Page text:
Ada Lovelace by @SebastianNavasF

Ada Lovelace — The first programmer

In the beginning there was Ada Lovelace, as you might already know, but an advent calendar has to start somewhere. This one that seeks to highlight the pioneers of the computing couldn’t do anything but kick-off with her.

Lots has been said about her, how she designed the first algorithm to be carried out by a machine, making her the first programmer while she worked with Charles Babbage. At this point it’s safe to say that among programmers, she’s a household name.

So in this article I just want to show how deep was her insight when it came to the essence of programming, which is dealing with the internal state of a computer.

In recent years we have seen a rise of Functional Programming(FP) in the industry, where one of the main claims of FP is to help us deal with the state of a program, by introducing notions like immutability, so we can reason about a program’s correctness. This problem didn’t escape the insightful mind of Ada Lovelace. In her own words:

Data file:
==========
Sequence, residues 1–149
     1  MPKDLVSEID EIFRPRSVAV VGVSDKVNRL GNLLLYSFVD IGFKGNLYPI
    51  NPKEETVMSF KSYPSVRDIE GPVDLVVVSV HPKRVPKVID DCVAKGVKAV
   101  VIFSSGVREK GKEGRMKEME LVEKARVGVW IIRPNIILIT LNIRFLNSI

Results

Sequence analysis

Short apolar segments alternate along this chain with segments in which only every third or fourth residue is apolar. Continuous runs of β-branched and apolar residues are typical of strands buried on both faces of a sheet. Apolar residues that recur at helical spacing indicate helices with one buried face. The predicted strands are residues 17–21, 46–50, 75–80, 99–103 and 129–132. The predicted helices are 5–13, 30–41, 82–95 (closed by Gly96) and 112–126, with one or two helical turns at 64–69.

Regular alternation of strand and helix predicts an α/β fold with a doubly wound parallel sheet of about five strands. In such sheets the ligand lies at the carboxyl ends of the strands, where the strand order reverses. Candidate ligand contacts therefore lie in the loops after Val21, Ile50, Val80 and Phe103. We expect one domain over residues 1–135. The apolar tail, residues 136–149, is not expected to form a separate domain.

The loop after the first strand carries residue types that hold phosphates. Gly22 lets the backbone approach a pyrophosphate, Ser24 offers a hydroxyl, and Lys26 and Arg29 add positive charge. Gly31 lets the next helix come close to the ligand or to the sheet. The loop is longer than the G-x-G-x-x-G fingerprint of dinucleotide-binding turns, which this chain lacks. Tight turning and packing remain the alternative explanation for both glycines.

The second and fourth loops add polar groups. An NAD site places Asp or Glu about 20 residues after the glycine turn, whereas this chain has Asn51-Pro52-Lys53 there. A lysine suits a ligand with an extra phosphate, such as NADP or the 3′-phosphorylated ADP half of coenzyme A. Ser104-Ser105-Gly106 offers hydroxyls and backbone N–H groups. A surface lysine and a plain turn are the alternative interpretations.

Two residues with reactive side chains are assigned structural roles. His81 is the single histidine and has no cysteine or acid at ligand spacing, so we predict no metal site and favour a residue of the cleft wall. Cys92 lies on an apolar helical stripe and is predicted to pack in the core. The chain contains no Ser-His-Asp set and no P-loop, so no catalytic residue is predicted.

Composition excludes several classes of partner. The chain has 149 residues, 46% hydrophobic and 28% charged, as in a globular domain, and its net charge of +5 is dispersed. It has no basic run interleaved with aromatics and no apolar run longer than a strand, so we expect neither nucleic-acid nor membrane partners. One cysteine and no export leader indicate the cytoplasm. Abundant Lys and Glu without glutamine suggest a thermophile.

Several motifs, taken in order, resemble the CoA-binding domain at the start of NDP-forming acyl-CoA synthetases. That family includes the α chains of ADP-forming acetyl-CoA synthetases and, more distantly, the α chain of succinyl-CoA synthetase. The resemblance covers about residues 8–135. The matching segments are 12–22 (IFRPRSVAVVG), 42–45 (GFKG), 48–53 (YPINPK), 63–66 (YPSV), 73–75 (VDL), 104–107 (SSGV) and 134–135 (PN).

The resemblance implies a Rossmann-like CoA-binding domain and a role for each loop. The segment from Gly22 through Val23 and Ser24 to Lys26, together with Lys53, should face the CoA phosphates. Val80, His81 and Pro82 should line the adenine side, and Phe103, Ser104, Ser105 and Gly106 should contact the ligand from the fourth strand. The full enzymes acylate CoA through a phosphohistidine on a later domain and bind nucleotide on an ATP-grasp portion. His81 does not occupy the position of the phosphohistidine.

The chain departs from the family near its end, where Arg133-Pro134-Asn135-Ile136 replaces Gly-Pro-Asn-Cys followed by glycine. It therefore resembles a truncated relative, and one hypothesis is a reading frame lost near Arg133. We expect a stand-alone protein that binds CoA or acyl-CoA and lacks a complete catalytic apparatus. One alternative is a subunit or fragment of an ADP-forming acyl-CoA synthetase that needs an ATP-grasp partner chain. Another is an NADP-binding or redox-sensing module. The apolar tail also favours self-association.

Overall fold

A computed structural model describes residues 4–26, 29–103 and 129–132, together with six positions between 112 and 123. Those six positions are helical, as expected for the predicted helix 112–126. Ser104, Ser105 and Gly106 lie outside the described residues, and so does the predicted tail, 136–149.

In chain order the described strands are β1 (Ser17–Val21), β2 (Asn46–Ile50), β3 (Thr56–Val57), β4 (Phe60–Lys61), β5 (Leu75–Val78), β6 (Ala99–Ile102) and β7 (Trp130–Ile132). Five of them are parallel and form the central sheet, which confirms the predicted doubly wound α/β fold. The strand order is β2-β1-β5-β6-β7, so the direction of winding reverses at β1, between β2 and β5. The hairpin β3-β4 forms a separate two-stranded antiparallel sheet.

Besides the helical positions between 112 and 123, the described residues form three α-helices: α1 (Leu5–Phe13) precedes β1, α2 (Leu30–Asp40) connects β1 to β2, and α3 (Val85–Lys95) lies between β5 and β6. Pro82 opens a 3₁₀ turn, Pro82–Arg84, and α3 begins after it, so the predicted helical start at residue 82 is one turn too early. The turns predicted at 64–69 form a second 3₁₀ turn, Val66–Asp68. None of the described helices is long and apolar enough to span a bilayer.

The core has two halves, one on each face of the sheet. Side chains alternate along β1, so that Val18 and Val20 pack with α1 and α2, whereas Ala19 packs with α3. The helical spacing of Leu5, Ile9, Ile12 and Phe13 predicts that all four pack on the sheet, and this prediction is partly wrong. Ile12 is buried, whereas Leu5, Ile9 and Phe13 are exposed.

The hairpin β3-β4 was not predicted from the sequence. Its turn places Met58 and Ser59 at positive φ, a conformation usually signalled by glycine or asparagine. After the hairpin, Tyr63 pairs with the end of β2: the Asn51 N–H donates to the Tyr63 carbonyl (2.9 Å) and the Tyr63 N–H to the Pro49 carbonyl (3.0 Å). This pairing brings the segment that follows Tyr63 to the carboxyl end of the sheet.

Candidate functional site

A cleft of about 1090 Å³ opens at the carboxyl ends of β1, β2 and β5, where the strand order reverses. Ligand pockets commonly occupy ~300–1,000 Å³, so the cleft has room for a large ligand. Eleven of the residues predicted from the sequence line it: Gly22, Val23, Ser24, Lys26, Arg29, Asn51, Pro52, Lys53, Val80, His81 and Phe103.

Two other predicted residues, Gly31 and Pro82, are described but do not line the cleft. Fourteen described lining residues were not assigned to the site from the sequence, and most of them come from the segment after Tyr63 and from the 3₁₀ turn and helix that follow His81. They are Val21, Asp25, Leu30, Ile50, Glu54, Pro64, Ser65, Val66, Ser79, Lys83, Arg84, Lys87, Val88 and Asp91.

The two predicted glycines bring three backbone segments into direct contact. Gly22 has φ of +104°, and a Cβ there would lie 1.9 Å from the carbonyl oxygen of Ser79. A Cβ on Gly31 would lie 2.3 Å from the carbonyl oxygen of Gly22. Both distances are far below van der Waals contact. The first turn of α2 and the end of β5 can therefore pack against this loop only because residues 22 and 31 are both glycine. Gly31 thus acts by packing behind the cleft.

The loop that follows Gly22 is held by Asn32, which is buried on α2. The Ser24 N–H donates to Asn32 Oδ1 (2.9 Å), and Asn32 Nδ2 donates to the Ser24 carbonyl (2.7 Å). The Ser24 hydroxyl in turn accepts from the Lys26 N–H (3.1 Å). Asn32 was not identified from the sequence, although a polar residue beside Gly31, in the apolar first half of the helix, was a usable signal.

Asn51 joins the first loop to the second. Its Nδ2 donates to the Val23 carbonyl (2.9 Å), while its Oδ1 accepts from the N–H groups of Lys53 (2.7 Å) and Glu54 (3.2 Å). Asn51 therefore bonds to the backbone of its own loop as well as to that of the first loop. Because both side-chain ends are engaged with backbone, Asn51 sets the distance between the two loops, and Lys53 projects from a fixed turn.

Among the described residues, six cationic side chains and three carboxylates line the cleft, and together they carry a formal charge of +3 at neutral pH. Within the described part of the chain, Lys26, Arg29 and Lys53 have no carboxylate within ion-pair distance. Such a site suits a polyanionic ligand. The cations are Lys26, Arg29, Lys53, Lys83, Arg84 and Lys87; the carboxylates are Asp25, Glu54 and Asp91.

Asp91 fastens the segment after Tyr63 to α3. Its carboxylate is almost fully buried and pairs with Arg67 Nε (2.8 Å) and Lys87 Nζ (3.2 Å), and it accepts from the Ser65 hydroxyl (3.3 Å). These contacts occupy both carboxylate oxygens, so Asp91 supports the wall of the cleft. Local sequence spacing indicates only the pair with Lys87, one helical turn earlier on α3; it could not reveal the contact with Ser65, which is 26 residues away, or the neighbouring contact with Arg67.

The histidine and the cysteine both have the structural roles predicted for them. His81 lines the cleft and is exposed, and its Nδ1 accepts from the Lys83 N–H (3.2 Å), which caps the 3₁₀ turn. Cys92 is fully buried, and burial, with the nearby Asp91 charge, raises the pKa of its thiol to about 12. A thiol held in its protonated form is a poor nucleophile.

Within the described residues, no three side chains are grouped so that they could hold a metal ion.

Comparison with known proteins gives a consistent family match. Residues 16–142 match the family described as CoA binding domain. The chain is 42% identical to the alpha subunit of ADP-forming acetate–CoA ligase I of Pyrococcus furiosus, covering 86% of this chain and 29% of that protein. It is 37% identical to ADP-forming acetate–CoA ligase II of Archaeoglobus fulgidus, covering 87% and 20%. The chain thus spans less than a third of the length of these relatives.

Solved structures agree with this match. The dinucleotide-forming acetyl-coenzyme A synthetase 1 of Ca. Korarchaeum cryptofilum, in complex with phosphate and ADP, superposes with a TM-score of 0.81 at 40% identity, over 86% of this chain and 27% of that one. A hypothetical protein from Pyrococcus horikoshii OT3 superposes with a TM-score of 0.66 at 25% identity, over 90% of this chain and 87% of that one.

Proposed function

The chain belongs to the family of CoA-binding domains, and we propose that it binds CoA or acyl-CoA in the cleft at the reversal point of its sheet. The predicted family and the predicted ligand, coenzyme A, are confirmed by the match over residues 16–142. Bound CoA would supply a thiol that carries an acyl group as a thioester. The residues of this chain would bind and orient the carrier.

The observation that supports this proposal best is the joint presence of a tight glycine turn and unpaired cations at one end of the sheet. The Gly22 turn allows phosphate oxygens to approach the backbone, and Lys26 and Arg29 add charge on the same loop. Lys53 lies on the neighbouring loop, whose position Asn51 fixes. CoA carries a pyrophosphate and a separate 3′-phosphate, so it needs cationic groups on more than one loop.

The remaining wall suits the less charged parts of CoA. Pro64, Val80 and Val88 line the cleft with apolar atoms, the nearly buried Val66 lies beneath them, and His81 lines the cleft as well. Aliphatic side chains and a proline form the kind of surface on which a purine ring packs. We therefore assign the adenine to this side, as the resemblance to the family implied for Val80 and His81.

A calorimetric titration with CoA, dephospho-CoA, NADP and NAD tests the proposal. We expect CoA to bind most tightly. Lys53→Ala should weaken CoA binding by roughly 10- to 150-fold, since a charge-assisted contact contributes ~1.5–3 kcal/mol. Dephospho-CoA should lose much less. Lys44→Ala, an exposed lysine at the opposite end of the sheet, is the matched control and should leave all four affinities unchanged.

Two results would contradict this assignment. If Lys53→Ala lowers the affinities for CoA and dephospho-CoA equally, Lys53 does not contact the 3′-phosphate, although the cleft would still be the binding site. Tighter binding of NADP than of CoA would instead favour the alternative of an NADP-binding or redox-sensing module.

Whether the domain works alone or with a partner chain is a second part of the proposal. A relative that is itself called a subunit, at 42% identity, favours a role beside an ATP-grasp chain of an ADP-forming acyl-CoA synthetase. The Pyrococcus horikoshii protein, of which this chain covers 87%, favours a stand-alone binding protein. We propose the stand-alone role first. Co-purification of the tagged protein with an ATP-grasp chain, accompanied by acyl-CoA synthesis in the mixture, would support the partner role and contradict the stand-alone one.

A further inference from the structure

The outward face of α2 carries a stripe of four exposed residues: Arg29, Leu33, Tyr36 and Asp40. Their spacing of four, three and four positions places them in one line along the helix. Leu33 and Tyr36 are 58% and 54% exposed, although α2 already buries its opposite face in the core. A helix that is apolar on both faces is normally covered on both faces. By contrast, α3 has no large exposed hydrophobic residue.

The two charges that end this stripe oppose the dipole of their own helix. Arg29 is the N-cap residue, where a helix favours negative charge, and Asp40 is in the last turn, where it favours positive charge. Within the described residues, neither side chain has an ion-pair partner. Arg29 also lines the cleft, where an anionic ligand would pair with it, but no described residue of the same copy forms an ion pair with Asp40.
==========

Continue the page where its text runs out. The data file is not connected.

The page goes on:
How multifarious and how mutually complicated are the considerations which the working of such an engine involve. There are frequently several distinct sets of effects going on simultaneously; all in a manner independent of each other, and yet to a greater or less degree exercising a mutual influence. To adjust each to every other, and indeed even to perceive and trace them out with perfect correctness and success, entails difficulties whose nature partakes to a certain extent of those involved in every question where conditions are very numerous and inter-complicated. [emphasis mine]

Isn’t it amazing that problems that still affects us today were foreshadowed by Ada Lovelace over a century ago?

Finally I think her words echo with all programmers that have ever had to deal with a bug:

I am in much dismay at having got into so amazing a quagmire & botheration.

So follow us in this journey during December as we see how other pioneers tackled the quagmire.


Advent Calendar — Help us make it a book!

From December 1st until December 24th we plan to release one article each day, highlighting the life of one of the many women that have made today’s computing industry as amazing as it is: From early compilers to computer games, from chip design to distributed systems, we will revisit the lives of these pioneers.

Each article will come with an amazing illustration by @SebastianNavasF.

If you want to see these series to become a book with expanded articles and even more illustrations by Sebastián, then subscribe to our newsletter below.


Credits:

References:

  • Gleick, James. The Information: A History, a Theory, a Flood (p. 119). HarperCollins Publishers. Kindle Edition.